A new concrete formulation designed to keep winter surfaces ice-free also has the unexpected benefit of protecting electronics from electromagnetic attack. Developed by scientists at the University of Nebraska-Lincoln, the concrete serves as a shield from pulses of electronic energy that emanate from a nuclear blast and threaten to disable everything from military equipment to TV sets.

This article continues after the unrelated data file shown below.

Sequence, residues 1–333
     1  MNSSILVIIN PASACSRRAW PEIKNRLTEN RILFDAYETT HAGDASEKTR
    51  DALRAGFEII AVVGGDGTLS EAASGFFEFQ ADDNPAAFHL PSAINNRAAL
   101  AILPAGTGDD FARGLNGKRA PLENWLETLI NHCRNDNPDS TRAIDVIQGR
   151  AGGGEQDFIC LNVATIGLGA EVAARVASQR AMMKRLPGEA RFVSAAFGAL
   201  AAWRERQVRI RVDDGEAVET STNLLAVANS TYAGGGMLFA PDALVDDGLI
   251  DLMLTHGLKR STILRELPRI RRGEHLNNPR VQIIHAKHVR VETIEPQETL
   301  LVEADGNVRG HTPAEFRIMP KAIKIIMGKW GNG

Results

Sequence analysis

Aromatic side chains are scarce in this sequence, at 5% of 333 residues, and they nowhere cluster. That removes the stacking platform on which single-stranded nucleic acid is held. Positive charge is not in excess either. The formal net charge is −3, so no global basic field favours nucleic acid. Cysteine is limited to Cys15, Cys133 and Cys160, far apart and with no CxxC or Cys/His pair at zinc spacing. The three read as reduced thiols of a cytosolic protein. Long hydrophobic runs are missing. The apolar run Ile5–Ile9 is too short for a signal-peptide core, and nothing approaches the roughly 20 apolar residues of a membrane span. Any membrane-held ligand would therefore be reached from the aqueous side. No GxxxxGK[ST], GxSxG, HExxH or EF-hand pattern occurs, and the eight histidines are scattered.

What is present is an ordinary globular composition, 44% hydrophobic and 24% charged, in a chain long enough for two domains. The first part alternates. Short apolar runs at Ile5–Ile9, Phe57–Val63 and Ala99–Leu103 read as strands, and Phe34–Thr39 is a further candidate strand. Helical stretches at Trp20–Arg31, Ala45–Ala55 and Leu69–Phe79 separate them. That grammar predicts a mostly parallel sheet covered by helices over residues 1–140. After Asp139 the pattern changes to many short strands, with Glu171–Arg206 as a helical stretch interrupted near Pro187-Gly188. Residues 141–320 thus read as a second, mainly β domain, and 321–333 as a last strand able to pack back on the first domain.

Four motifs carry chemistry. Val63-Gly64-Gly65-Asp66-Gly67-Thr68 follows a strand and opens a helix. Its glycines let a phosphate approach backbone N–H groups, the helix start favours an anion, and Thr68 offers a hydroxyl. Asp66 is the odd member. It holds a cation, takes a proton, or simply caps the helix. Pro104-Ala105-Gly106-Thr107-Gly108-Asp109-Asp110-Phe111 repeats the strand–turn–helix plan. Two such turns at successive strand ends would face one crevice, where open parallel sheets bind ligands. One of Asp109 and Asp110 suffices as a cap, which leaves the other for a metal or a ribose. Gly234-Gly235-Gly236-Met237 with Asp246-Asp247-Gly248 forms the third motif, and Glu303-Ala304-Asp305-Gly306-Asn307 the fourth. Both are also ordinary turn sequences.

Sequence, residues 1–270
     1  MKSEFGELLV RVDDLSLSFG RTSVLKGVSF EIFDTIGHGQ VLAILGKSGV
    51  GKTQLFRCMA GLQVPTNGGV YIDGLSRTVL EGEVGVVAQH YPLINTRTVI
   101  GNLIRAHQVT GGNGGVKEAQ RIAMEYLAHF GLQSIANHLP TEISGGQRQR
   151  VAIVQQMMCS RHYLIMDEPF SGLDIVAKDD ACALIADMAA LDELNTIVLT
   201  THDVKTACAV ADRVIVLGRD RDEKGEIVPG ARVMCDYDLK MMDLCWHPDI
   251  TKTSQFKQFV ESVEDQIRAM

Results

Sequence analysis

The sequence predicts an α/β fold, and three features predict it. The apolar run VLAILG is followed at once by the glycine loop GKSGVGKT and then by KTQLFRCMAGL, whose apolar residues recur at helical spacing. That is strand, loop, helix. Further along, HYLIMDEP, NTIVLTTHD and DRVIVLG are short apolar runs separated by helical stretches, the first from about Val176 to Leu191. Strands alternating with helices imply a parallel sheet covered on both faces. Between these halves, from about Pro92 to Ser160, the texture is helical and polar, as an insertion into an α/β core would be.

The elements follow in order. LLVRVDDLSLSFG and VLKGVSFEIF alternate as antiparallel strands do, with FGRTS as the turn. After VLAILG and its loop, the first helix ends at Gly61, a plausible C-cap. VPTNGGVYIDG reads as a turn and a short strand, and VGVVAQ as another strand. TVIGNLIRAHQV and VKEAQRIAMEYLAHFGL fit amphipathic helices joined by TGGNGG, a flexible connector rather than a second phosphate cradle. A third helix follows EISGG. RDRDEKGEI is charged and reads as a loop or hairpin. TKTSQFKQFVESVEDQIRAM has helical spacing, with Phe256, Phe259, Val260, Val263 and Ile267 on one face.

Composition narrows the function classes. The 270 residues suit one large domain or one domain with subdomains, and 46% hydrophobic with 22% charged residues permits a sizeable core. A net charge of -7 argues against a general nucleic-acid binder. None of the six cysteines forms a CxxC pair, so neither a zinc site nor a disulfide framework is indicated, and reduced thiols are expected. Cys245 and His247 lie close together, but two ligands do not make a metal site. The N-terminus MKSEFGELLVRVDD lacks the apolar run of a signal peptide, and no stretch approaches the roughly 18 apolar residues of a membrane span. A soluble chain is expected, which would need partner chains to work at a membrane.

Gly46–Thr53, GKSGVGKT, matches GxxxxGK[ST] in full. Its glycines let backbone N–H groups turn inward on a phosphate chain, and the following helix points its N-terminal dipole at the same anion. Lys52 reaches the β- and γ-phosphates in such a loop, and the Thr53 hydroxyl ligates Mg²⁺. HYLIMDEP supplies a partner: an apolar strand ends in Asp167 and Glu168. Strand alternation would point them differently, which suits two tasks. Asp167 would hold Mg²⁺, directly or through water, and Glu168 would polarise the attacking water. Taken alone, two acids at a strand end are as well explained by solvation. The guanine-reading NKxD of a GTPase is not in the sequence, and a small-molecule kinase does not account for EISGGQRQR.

The effects of an electromagnetic pulse were first observed in the early 1960s, when a 1.4 megaton thermonuclear bomb detonated in the mid-Pacific knocked out electronics as far away as Hawaii. This confirmed what many had theorized-nuclear explosions generated a powerful pulse of electromagnetic energy that flew invisibly through the air and capable of overloading and frying circuits in all kinds of devices. Despite being nearly 900 miles away, the pulse burned out streetlights across the state of Hawaii and tripped burglar alarms.
For full article, please visit Popular Mechanics
Displayed with permission from The DEFCON Warning System